In 1998 Moonspell released their “Sin/Pecado” album – which is why they were featured on EMP’s first catalogue of that year. Behold:

Katalog Frühjahr 1998However, other bands gave birth to beautiful daughters as well that year: Anathema – “Alternative 4”, Arch Enemy – “Stigmata”, Blind Guardian – “Nightfall in Middle-Earth”, Bolt Thrower – “Mercenary”, Godsmack – “Godsmack”, HammerFall – “Legacy of Kings”, Iced Earth – “Something Wicked This Way Comes”, Iron Maiden – “Virtual XI”, KISS – “Psycho Circus”, Metallica – “Garage Inc.”, Monster Magnet – “Powertrip”, Nightwish – “Oceanborn”, Queens of the Stone Age – “Queens of the Stone Age”, Rob Zombie – “Hellbilly Deluxe”, Savatage – “The Wake of Magellan”, Sentenced – “Frozen”, Slayer – “Diabolus In Musica” and System of a Down – “System of a Down” are only a few of that year’s great metal releases. 1998 also marks the birth of bands like Rob Zombie and Unearth. Bullet For My Valentine are founded under the name Jeff Killed John (as a Nirvana and Metallica cover band).

And here comes the second EMP cover of 1998 – Blind Guardian are back with their masterpiece “Nightfall In Middle Earth”!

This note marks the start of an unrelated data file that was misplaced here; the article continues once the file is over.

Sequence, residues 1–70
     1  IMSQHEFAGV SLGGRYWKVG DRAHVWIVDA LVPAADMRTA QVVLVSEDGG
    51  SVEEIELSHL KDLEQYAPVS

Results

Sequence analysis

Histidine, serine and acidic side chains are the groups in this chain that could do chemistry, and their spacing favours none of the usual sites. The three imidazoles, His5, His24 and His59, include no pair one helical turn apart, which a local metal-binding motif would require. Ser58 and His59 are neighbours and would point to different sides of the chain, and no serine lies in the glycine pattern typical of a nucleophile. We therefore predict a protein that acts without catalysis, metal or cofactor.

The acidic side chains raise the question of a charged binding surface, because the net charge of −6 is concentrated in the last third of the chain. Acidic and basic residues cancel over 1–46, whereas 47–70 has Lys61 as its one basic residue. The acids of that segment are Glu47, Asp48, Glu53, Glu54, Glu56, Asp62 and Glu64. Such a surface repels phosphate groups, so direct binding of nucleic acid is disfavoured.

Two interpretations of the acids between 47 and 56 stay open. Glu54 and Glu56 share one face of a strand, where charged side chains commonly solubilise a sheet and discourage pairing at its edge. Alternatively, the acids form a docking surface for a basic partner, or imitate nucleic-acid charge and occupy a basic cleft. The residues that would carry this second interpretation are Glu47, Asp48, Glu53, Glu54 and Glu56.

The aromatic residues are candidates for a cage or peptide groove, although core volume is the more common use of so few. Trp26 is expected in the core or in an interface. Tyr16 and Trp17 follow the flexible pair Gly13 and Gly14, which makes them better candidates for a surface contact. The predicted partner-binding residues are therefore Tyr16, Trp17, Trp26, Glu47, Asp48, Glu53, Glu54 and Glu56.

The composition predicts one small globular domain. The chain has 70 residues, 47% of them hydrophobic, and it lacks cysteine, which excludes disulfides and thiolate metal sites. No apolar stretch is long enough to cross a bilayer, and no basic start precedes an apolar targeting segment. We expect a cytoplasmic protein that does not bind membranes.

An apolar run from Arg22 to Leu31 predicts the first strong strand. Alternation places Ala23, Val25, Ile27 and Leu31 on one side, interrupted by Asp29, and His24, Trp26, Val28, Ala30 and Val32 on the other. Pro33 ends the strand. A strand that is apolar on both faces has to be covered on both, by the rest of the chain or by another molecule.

MagazinSommer1998Dozens of cult movies originated in 1998. Including “The Big Lebowski”, “American History X”, “The Truman Show”, “Fear and Loathing in Las Vegas”, “Saving Private Ryan”, “Blade”, “There’s Something About Mary” and “Lethal Weapon 4”. “Half-Life” shocked the gaming world – we are still waiting for part 3 by the way!

1999

EMP launched that year’s merchandise season with a beautiful Gamma Ray cover:

MagazinFrühjahr1999A season which had lots of great albums in store: Amon Amarth – “The Avenger”, Behemoth – “Satanica”, Children of Bodom – “Hatebreeder”, Dark Tranquility – “Projector”, Dimmu Borgir – “Spiritual Black Dimensions”, Dream Theater – “Metropolis Pt. 2: Scenes from a Memory”, Immortal – “At the Heart of Winter”, Kreator – “Endorama”, Lacuna Coil – “In a Reverie”, Limp Bizkit – “Significant Other”, Machine Head – “The Burning Red”, Metallica – “S&M”, Nine Inch Nails – “The Fragile”, Rage Against the Machine – “The Battle of Los Angeles” and Slipknot – “Slipknot” rained down bloodily from metal heaven. A Perfect Circle, Avenged Sevenfold, Killswitch Engage, Lamb of God, Mastodon, Sabaton and Trivium were born!